All of This Goes to Say

Much easier said than done, but enjoy the process. Good things come to those who wait. Use these tips to help keep you busy or get your mind off waiting. One day you will look back and appreciate the time you spent waiting for the new addition that made your family whole!

After Seeing Thousands of Adoption Profiles, How Hard Could It Be to Create Our Own?

AFTH’s Director of Marketing and Communications saw a different side of the adoption experience when she and her husband began the journey as prospective adoptive parents. She has chronicled their journey in her Adoptive Families Circle blog

One of the steps of the process challenged her in ways she wasn’t expecting. Read her Adoptive Families Circle blog about the obstacles she faced when creating their profile.

profile-design

Going into the adoption process, we knew it was paperwork heavy and that, by the end, we could probably go pro if “avoiding paper cuts” were an Olympic sport. We also knew that there would be parts of the process that would flow more easily than others, such as gathering all the home study requirements (which took more effort and time than I expected).

From the moment my husband and I submitted our application, I was excited about working on our adoption profile and I thought this would be one of the easier parts. I have seen thousands of families’ profiles in the 10 years I’ve worked at the agency. That exposure, coupled with my graphic design background, made me confident in my ability to easily produce a winning profile, if there is such a thing. That is, until I started actually working on it. I had a blast creating the backgrounds and planning the layout, and then my creative juices came to a screeching halt when my husband and I began to add the real content. You would think, being a blogger, that the words would come easily; I mean we are experts on ourselves. I can easily talk about how great a dad and husband David is all day long, or what it is like to live in our neighborhood. The truth is, seeing so many profiles before creating our own was a hindrance. Because I had seen so many examples and ideas, it severely clouded my vision of how I wanted our profile to look.

I tried to jumpstart my efforts by brainstorming different themes to pull through our profile, to show who we really are as a family. I was so excited about the list I made, which included: being a lighthearted and fun couple, the importance of both immediate and extended family in our lives, what a great team we are as parents, and the creativity and laughter that fill our home every day. As it turns out, those are the exact same points every other hopeful adoptive couple or parent is trying to highlight in their own profile. My excitement faded and I found myself stuck and without direction, again.

So, how did I get on the right track? Well, to be honest, attending the agency’s profile meeting was very helpful. I had been too eager to get started to wait for the meeting; shame on me. Social workers displayed examples of what to do and not to do. The social workers also shared feedback from expectant mothers, which was invaluable. All of the things they went over in that meeting were things I knew, but just couldn’t seem to apply. It felt like I was wearing blinders when it came to creating our own profile.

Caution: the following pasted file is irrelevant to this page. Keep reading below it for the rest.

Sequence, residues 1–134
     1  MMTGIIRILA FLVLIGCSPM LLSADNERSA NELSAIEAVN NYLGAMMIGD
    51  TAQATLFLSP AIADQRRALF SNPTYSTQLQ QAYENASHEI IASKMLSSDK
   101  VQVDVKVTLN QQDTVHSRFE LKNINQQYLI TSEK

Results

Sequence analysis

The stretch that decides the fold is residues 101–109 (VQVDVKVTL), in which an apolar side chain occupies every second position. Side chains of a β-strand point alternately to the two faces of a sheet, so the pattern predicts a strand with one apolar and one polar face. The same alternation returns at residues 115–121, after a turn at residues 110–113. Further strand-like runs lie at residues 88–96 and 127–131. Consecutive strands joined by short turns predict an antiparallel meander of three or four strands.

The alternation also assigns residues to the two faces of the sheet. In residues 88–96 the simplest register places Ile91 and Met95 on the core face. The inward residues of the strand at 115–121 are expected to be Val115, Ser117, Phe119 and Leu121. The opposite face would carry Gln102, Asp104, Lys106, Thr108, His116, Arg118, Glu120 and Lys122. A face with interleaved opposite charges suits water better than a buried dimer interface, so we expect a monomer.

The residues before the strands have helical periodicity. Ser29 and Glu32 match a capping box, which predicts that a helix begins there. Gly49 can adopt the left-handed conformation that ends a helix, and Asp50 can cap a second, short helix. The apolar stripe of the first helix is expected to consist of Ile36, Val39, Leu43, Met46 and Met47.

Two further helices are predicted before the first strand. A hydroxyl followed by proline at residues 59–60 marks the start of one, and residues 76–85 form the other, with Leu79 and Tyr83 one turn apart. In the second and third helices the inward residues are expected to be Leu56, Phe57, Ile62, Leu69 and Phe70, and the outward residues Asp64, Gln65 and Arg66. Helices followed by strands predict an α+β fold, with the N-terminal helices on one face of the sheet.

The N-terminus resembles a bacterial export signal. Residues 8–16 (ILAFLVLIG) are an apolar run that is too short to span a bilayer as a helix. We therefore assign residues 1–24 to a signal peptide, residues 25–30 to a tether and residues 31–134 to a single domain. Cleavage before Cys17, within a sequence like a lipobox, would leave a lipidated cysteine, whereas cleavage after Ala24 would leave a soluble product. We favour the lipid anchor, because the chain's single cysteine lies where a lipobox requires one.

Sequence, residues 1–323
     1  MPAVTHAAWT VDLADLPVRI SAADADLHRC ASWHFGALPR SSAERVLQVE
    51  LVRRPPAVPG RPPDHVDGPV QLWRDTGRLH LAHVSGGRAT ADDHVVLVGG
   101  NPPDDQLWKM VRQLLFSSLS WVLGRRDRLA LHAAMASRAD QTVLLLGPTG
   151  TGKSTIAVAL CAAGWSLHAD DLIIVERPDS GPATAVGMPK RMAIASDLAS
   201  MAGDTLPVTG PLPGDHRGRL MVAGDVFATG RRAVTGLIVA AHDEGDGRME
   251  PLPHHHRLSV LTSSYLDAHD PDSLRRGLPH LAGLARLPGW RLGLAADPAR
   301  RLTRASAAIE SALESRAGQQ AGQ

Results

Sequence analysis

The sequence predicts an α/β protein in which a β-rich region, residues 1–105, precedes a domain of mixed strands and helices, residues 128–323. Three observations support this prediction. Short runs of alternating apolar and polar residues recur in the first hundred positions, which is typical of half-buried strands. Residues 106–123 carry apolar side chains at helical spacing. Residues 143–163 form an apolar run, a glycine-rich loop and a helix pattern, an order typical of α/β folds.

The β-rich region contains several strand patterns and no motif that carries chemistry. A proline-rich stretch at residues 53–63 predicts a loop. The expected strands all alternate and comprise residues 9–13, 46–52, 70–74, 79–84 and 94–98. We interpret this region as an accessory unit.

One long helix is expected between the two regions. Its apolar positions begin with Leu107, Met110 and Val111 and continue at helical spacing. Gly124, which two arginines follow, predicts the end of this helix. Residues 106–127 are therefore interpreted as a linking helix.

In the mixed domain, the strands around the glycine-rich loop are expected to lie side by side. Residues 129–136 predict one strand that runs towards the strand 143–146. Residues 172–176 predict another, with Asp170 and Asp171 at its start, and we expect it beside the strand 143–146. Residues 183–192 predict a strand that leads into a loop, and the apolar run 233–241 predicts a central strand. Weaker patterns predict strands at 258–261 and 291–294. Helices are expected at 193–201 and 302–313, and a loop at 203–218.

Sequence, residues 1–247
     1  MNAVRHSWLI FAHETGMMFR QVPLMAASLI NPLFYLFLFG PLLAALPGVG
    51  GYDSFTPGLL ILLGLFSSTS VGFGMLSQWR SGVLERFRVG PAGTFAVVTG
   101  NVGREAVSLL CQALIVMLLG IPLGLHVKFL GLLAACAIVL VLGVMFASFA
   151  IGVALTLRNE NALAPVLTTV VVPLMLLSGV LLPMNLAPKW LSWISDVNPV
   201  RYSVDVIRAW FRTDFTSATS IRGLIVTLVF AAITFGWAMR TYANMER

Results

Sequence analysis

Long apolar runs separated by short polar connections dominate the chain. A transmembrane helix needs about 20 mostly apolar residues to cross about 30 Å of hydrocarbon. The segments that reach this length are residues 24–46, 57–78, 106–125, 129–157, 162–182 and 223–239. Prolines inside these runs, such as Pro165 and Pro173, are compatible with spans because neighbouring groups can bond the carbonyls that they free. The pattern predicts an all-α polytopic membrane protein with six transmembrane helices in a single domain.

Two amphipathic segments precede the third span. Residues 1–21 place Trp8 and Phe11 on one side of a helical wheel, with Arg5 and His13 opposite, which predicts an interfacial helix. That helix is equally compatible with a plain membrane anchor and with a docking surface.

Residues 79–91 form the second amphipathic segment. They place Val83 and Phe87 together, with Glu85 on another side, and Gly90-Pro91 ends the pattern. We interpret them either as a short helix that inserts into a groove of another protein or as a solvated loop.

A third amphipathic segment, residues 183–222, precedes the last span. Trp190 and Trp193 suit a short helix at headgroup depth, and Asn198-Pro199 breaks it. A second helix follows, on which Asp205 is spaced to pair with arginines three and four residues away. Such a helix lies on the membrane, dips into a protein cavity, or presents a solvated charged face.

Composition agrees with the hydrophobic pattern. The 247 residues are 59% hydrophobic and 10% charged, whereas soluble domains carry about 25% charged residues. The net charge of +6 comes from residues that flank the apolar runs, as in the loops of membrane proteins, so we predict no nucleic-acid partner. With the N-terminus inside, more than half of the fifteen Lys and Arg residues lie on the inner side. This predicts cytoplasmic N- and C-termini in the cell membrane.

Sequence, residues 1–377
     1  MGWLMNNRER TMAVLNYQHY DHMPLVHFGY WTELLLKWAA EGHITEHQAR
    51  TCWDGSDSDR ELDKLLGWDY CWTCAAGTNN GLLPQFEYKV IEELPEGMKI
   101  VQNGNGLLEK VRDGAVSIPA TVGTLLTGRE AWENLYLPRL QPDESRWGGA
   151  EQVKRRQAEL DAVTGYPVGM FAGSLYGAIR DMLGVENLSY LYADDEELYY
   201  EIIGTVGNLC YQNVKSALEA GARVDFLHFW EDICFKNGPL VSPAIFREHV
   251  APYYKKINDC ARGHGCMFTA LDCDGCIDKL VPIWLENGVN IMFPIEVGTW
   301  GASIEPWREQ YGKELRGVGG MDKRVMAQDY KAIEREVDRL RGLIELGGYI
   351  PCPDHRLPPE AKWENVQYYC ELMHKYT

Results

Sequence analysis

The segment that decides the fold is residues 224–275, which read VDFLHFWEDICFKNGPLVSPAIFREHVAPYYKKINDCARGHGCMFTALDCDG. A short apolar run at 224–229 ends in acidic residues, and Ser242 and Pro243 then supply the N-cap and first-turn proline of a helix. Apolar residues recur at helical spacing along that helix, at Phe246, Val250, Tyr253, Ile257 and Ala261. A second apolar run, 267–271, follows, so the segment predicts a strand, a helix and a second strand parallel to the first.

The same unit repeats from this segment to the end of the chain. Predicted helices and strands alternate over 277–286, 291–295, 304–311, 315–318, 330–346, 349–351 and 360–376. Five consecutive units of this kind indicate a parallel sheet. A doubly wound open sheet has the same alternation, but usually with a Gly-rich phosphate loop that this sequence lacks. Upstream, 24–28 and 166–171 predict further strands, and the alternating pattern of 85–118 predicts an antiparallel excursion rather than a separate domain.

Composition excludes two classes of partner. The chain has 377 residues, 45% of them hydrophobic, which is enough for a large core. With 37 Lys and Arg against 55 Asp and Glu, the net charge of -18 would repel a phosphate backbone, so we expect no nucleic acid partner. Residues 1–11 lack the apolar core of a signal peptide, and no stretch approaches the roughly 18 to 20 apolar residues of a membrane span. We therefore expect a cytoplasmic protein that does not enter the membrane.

The truth of the matter is that expectant parents choose families for so many different reasons. It could be because of the connection they see between the couple, the neighborhood the family lives in, the parent’s love of Halloween, the activities they participate in, or even because they play Scrabble on the weekends with their neighbors (true story). A woman considering adoption may be looking for a family with children or a family where her baby will be their first. She may want a family who is less than a few hours away to make open adoption visits easier, or she may choose a family in a different state because that is where she visited her grandparents as a child. She may choose an older couple because of their life experience or a single parent because she was raised by her father. She may have no other explanation than “I just knew they were the ones.”

Ultimately, it is the unique qualities of our family that will aid in us being selected. Not that we are more unique than any other family, but something about who we are will foster a connection with her. Instead of trying to create the “perfect” profile, I shifted my focus to creating a profile that most accurately showcases who we are, what it’s like to be a member of our family. We are not a “Leave It to Beaver” type of family. We make mistakes and stumble, just as all parents and people do. We may lose our patience after a hard day at work, or forget that the play date was rescheduled and arrive on the wrong day. To be clear, I’m not going to have a page dedicated to our faults; however, I am going to highlight our humanness. It will be clear that there is always room on our laps and in our arms, and love in our hearts. We want to show that laughter and smiles occur much more frequently than tears, and that kisses and hugs are more numerous than time outs. Most importantly, I want to show that our commitment to our child’s birth parents will not fade. We will keep our promises. We are extending our faith that we will be chosen and she is extending her faith that we will raise her child, our child, in the best way we know how.

With that said, I have thrown away my preconceived standards of what I originally thought our profile should be, and instead focused my attention on creating it from within our hearts. We are who we are, and that will be what makes our profile shine to just the right person.